The findings are set to appear in the Journal of Human Genetics online Jan. 27.
Becker, a professor at both the Johns Hopkins University School of Medicine and Hopkins' Bloomberg School of Public Health, and a team that included researchers at Duke and Emory universities, also say their results, based on blood analysis from 548 black men and women in the Baltimore region and confirmed in several hundred more in the Atlanta and Durham, N.C., regions, help explain why earlier studies found potentially dangerous genetic connections to this type of heart disease in Caucasians, Hispanics and Asians, but failed to find a negative tie-in to the disease in blacks.
Earlier studies, says Becker, had involved genome-wide reviews in multiracial populations and taken "a needle in the haystack approach" to finding that one change in a string of some 58,000 base pairs, in a chromosomal region known as 9p21. That region, which includes CDKN2B, is associated with higher rates of coronary disease in non-blacks.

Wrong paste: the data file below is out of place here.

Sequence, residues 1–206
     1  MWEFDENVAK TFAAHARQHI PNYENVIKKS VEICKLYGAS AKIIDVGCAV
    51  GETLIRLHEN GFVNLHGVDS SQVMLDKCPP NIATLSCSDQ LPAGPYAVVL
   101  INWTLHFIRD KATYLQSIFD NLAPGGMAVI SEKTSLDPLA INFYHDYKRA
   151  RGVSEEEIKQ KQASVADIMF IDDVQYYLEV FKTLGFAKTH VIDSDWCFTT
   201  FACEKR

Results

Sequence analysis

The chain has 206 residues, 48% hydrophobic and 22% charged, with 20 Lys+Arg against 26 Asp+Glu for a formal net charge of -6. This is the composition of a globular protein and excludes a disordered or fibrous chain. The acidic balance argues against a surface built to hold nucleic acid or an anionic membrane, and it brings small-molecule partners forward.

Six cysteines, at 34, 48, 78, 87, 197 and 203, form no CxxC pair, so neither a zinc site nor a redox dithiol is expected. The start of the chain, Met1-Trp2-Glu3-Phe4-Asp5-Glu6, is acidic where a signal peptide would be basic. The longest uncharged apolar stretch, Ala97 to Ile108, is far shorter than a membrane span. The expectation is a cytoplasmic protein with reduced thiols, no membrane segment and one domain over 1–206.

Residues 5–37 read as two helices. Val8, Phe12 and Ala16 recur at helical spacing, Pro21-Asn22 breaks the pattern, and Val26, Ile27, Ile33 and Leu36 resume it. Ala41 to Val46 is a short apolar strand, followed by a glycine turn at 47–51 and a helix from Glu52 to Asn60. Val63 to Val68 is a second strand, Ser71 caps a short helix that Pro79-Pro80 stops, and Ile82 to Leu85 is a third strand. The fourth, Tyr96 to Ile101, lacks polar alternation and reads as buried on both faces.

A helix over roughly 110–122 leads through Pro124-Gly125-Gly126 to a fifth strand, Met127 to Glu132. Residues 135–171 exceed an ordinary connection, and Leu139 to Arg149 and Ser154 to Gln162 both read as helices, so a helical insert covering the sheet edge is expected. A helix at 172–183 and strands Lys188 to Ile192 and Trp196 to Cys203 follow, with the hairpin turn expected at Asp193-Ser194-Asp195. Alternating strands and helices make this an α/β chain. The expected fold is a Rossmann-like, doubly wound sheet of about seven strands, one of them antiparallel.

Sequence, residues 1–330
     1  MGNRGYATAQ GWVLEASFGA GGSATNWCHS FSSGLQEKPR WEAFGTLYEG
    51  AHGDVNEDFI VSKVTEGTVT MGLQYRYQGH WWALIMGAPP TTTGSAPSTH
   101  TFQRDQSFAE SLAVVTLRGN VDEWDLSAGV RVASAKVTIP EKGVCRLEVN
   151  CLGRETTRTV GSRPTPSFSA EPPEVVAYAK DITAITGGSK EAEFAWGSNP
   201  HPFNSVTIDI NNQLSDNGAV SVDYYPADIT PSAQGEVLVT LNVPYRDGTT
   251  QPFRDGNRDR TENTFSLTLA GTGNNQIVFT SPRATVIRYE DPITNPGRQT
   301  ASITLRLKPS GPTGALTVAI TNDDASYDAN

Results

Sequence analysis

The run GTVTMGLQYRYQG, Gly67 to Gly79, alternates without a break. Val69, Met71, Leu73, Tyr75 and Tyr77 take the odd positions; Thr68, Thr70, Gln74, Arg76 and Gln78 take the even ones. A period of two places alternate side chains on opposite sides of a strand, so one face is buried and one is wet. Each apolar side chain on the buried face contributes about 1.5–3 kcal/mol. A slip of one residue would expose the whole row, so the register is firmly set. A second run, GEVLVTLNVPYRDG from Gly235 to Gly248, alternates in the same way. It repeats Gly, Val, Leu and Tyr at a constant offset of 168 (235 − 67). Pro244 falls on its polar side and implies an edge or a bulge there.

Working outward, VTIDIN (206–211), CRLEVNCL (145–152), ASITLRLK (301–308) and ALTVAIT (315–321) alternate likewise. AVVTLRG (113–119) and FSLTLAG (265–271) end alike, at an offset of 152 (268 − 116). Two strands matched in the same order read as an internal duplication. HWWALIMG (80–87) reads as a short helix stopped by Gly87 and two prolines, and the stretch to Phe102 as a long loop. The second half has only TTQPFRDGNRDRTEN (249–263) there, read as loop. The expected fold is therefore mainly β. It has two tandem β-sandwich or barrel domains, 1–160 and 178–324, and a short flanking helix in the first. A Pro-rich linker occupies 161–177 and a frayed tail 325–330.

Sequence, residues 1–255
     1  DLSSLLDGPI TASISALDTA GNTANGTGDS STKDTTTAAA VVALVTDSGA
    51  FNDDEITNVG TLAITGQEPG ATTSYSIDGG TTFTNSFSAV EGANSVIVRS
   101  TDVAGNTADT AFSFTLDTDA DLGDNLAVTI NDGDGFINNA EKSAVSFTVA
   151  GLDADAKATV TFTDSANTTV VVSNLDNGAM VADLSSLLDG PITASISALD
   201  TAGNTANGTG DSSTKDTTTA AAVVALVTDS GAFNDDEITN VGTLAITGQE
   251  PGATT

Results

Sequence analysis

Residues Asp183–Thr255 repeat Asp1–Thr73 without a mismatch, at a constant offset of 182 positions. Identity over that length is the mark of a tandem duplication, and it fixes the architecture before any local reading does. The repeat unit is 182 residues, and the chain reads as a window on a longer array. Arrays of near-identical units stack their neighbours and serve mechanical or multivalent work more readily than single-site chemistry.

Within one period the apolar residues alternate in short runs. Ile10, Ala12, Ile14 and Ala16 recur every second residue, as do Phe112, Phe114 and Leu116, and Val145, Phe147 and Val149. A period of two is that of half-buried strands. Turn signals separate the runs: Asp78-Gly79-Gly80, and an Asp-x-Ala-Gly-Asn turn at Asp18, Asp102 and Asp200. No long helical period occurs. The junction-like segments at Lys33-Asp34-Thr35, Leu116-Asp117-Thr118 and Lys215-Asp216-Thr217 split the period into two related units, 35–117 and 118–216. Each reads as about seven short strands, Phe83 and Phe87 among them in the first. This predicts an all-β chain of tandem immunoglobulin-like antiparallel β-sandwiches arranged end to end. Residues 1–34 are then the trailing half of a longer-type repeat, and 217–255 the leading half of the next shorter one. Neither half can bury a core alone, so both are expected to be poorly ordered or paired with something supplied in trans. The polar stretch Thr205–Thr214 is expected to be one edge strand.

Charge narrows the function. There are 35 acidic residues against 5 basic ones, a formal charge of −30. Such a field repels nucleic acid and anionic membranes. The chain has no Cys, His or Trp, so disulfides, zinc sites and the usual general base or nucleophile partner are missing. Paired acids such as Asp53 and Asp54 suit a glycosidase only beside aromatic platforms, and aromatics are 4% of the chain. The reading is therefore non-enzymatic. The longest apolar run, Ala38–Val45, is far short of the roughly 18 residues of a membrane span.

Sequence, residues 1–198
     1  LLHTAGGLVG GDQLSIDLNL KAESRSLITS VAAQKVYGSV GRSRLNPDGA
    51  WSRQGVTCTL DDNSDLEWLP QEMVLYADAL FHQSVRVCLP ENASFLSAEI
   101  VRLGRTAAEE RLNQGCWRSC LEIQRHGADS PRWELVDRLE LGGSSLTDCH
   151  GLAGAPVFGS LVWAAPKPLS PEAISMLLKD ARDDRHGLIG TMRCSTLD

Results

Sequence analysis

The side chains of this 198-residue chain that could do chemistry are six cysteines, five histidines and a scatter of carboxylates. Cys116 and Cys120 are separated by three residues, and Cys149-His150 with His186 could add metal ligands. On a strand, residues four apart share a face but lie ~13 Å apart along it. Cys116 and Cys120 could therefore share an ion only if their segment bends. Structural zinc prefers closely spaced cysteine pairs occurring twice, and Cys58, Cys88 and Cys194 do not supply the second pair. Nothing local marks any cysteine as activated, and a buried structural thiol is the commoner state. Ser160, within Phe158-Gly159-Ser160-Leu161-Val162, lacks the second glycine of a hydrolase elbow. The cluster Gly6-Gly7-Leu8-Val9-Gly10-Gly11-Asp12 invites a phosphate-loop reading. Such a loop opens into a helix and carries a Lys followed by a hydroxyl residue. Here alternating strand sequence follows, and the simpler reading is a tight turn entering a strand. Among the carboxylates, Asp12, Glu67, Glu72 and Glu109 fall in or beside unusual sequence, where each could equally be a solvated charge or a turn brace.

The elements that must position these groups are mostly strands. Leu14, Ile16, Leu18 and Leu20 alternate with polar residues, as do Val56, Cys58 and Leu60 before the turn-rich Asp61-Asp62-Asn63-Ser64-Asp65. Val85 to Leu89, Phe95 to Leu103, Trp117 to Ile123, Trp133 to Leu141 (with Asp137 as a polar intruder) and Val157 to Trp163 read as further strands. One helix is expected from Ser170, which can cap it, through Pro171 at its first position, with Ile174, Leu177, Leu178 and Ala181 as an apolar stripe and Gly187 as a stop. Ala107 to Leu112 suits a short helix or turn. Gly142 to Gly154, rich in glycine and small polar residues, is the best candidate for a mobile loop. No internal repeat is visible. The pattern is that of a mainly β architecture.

The team's latest analysis was successful, she believes, because it had a large and sufficiently broadly based black volunteer population. The study group comprised men and women between the ages of 26 and 60. Investigators also focused on the 9p21 region and a subsection of genetic material within called ANRIL that overlaps and is closely held to CDKN2B, but away from the deleterious genetic variant found earlier.
Johns Hopkins cardiologist Brian Kral, M.D., M.P.H., says the abundance of activity in this particular region of the genome, including CDK2NB and ANRIL, suggests that everyday replication of this zone could play a more fundamental, underlying role in the progression of coronary artery disease in all races.
Kral, an assistant professor a
|Contact: David March|
Johns Hopkins Medical Institutions